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Coddling rice growers hurts Japanese farming
Who should be growing rice for Japanese consumers 10 years from now?

This is one of the central questions that the reform of government farm policy, announced last year, aims to address.

In essence, the new policy will focus on supporting large-scale farmers as the backbone of Japanese agriculture. It contains a variety of measures to achieve this, including tax-financed income compensation to keep financially struggling farmers in business.

The best element of the policy is the plan to scrap the long-standing gentan program, which attempts to curb production via rice acreage reductions while the government effectively allocates acreage quotas to rice growers.

Scrapping the plan means allowing liberalized markets to determine where rice should be produced, and how much of it.

A number of agriculture corporations have embarked on large-scale farming with great enthusiasm, eager to establish profitable agribusinesses in faithful solidarity with the government's farm policy.

Yet most of them are now struggling to survive. This speaks volumes about the government's policy failure.

The situation leaves no doubt that the acreage reduction program, in conjunction with the strict regulation of rice distribution designed to keep competition out of the market, simply does not reward farmers for good management efforts.

Japanese rice farming is heavily burdened by the negative legacy of the farm policy, which for decades has rigorously controlled both the amount of land devoted to rice growing and the system to market and distribute the crop.

The policy has blunted producers' management acumen, and deprived them of rational thinking and entrepreneurship.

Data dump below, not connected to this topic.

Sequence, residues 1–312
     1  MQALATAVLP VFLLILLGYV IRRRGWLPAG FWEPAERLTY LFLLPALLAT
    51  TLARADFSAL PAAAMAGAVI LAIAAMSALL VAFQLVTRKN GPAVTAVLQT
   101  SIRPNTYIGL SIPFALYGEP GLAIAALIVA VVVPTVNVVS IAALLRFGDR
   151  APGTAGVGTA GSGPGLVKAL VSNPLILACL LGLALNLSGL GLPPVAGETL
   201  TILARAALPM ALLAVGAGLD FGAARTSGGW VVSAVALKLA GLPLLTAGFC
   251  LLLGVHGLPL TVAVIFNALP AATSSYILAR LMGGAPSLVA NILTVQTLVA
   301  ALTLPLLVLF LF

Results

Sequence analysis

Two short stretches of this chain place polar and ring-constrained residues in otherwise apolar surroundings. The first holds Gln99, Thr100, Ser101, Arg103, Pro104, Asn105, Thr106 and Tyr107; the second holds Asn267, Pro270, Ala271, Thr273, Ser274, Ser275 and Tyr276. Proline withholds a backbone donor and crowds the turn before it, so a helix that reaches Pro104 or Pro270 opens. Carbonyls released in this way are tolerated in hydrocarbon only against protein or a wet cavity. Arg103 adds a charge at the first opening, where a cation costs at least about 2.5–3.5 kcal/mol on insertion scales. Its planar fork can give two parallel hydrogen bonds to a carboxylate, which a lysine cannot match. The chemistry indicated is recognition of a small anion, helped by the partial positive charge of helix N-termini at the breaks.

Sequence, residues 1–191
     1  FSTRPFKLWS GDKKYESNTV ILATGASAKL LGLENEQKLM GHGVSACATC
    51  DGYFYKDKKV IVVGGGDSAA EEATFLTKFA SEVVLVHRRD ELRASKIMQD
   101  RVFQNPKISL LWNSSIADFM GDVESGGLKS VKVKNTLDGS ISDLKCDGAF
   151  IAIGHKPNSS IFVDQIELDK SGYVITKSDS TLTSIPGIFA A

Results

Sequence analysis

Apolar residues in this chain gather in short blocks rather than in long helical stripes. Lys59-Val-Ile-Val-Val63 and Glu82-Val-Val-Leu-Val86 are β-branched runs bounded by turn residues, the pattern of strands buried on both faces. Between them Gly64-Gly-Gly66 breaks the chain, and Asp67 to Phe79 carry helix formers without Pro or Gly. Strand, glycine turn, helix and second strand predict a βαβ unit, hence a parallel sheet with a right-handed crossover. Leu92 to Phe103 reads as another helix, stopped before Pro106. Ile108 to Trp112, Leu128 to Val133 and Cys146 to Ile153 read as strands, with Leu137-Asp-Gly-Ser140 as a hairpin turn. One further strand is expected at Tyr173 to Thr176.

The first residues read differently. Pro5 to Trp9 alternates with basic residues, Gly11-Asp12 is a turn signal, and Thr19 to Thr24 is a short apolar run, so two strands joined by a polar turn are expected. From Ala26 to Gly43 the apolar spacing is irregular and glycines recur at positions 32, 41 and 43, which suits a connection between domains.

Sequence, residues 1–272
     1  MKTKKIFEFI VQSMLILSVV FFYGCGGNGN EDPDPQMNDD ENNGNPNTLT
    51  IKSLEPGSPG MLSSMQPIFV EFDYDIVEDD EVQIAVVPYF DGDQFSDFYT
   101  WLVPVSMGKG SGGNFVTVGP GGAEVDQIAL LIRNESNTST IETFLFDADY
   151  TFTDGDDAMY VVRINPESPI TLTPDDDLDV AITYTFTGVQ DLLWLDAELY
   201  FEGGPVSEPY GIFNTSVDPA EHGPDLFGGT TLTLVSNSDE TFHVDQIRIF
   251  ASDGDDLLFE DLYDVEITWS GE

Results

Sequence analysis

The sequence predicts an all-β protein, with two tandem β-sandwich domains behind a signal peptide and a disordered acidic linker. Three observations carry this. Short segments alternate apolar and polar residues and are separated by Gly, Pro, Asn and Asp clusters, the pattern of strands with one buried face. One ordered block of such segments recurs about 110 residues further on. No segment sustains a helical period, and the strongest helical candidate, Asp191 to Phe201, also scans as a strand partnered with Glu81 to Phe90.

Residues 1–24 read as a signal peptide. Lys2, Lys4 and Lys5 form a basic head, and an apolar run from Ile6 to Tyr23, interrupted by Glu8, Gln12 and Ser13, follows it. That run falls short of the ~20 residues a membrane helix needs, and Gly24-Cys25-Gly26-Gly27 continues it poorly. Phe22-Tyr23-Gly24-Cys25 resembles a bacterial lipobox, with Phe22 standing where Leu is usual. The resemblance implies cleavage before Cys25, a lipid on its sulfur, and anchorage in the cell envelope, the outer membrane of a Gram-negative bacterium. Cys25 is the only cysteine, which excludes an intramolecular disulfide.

It has also apparently caused a massive exodus of young people from farming villages, accelerating the aging of the farming population.

Agriculture in this country has long been described as overprotected and excessively subsidized. The government has spent a huge amount of taxpayer money on price subsidies and stabilization schemes to protect the interests of rice growers and insulate them from the full impact of market forces.

But this has only hindered the necessary rationalization of farm production and distribution, with costly consequences.

The new, market-oriented farm policy will trigger a decentralization of power within the organization of agricultural cooperatives, encouraging inter-regional competition.

Any increase or reduction in rice acreage in one region will inevitably affect that region's industrial structure, but these changes will undoubtedly lead to creative responses to new situations, thereby revitalizing farming villages.

As well as pushing through its radical policy proposals, the government should also move to upgrade agricultural infrastructure, and make its policy information available as soon as possible to limit confusion in farming communities.

One big challenge confronting policy-makers is how to build a system that makes it easier for rice growers to estimate income from market prices. If the inner workings of the market are clarified, farmer support for the new system will grow.

The farm policy should be designed to help Japanese growers wean themselves from government support and become financially independent.

Farm subsidies should be scrapped, and rice prices should be determined by the market, a venue where producers are directly exposed to the choices of consumers.

Only then will rice growers no longer face the criticism of being coddled by the government, and feel free to take pride in their business.

The principal mission of agriculture is to secure a stable supply of food while simultaneously conserving national land.

Should imported rice take over more than 50 percent of the market share, thereby decimating domestic rice fields and causing enormous damage to the natural environment, the government could respond by budgeting for land conservation measures, as distinct from farm-related expenditures.

Such a policy stance will eventually give rise to an acceptable vision for the viable future of Japanese agriculture, and bring rice growers closer to consumers.
MGR Archive 31.1.2006
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Region Type Price  
Russia Rapan $ 700
USA Jupiter Rice $630
USA Calrose #1 $830
USA Calrose #1 Paddy $480
EU Prices Baldo €660
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